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Beck

I LOVE THAT IDEA! So smart! And I would happily attend something like that - and people with little kids are always looking for fun things to do with them, too, so there is DEFINITELY a market.
I think I would rather have an upfront fee for a number of sessions, maybe. Like, $15 a month? I dunno.

Painted Maypole

oh, it's such a great idea. i only took MQ to a few story times, in part due to poor timing, and in larger part due to crappy readers. I would DEFINITELY pay for a good, hour long time with snacks and handout with further activities. BRILLIANT! Do it!!!

Painted Maypole

oh oh... and you could market to birthday parties. Imagine the fancy nancy birthday parties...

hmmm... maybe I will launch my own venture down here? We could plan together and share ideas? exciting!

metro mama

I think it's a brilliant idea. We should talk about books! I would pay to attend.

sandra

Great idea. If I had a little one I'd be your first customer!!

petitegourmand

excellent idea- I think $5 is more than fair.
let me know when/where and we'll be there.

(currently we do the library reading group and sometimes at a local bookstore- The Flying Dragon)

petitegourmand

oh and I'm almost finished Little Bee and really loving it.
looking forward to the discussion next week

kgirl

We had the privilege of attending the best story-time ever at our local library. It was absolutely seamless - story to puppets to song to fingerplay to story - and the librarian was confident and comfortable. Sadly, she was no longer at our branch when I was on my second mat leave, but I would indeed pay for something so engaging.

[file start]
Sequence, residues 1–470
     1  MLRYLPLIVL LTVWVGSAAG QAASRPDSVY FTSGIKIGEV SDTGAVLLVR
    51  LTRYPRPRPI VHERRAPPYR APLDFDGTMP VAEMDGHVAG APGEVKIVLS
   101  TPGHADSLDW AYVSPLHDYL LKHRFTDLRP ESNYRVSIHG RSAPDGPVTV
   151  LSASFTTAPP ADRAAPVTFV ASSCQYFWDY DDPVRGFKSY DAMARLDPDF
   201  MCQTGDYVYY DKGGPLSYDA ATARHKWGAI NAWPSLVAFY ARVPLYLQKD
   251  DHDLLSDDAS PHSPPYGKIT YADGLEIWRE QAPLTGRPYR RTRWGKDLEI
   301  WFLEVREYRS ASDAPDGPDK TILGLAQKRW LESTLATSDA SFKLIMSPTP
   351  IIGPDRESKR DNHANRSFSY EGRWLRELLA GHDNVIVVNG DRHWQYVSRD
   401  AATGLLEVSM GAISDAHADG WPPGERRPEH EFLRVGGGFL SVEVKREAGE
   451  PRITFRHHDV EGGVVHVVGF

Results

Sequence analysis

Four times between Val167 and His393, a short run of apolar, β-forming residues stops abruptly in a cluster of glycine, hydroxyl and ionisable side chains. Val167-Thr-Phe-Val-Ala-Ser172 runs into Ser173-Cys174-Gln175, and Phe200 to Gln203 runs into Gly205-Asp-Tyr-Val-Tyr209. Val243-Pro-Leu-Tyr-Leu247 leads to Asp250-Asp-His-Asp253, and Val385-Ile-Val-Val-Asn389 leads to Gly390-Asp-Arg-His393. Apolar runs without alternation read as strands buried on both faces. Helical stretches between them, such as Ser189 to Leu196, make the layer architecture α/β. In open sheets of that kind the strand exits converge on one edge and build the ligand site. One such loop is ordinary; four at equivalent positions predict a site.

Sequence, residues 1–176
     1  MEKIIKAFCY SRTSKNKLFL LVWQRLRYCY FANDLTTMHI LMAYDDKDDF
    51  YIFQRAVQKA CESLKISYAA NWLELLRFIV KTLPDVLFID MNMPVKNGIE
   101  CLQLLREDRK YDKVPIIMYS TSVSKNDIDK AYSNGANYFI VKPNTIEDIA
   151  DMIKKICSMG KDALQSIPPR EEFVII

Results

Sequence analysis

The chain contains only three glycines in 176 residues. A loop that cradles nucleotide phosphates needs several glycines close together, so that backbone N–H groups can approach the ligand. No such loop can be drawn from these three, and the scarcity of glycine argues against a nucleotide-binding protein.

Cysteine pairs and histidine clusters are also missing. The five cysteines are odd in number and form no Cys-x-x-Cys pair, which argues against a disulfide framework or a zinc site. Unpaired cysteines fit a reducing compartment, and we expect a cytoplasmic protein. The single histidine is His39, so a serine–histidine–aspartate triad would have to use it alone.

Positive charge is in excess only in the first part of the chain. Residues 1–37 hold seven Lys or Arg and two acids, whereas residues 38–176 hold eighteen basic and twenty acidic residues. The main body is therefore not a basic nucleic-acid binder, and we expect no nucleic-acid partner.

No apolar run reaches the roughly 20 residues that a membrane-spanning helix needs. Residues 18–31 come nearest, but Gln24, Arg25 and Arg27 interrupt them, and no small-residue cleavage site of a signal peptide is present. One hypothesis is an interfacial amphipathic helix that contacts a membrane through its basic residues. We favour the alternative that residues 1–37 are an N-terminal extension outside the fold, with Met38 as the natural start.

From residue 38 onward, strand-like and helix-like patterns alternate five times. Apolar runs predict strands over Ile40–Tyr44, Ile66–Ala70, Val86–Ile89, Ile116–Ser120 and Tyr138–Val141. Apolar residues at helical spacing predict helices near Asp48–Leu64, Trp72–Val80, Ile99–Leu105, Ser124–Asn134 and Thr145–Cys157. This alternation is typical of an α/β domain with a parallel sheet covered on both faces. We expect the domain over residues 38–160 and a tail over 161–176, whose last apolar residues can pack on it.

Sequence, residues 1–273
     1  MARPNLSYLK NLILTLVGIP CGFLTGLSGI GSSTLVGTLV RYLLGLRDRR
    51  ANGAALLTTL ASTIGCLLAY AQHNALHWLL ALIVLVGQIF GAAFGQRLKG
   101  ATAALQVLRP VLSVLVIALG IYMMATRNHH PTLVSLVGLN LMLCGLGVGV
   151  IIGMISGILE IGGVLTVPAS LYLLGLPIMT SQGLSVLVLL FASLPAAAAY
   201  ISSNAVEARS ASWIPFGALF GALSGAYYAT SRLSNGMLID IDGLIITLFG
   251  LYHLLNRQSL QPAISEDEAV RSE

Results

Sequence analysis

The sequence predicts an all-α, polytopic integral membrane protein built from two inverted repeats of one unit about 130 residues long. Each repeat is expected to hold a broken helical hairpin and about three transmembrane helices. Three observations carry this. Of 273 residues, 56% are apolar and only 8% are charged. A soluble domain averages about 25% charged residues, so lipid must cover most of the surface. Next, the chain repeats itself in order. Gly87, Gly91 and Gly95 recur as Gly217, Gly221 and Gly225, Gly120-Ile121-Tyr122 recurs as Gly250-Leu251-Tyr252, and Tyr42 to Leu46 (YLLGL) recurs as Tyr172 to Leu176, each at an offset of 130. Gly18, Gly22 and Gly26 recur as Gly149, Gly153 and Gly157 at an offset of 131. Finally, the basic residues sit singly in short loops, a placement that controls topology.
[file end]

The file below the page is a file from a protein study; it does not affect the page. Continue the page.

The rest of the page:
Alison

I think I would pay to attend such a great-sounding storytime! The boy and I do not currently attend one due to bad timing at our local - who is it that decides that a great time for an event for under-threes is between 1 and 3 in the afternoon?! But we would both love to...

kittenpie

As someone who has both attended an expensive babytime circle and gives storytimes regularly? I will say this:

-people will pay for a good storytime if they feel they are going to get something worthwhile. Try to hook up with a local baby store or something to distribute flyers, it will seem that you come recommended.

-try to attend a few different storytimes to get some feel for how different people do it. I tend to be pretty freeform and laid back about it, others like to have everything scripted.

-think also about how you will handle kids who are not settling, what guidelines you would give parents at the start on how you would like them to proceed (ie I usually tell them that if their child is not managing, we are all moms and understand, but please take the kid out to the hall to calm down, and then return).

-mix it up - a story, then a rhyme, a story then a song, a story then a short puppet play or feltboard, that sort of thing. It keeps them paying attention. At least one or two active rhymes or games in the middle helps, too, a sort of 7th inning stretch for preschoolers.

-you can set the age range where you feel comfortable, but be prepared for people to want to get in with a child who is not in the range, and figure out what your policy on that will be. They can be pushy!

-themes can help limit down the number of options in terms of songs and books to a manageable amount while also suggesting craft ideas, etc., which is why so many people use them. They aren't necessary, but helpful. Or sometimes I will just tie a song or rhyme to a book, but not have an overall theme.

if you want advice or book reco's or a guest reader, email me, since this comment is verging on longer than the original post! (I'm rambly like that.)

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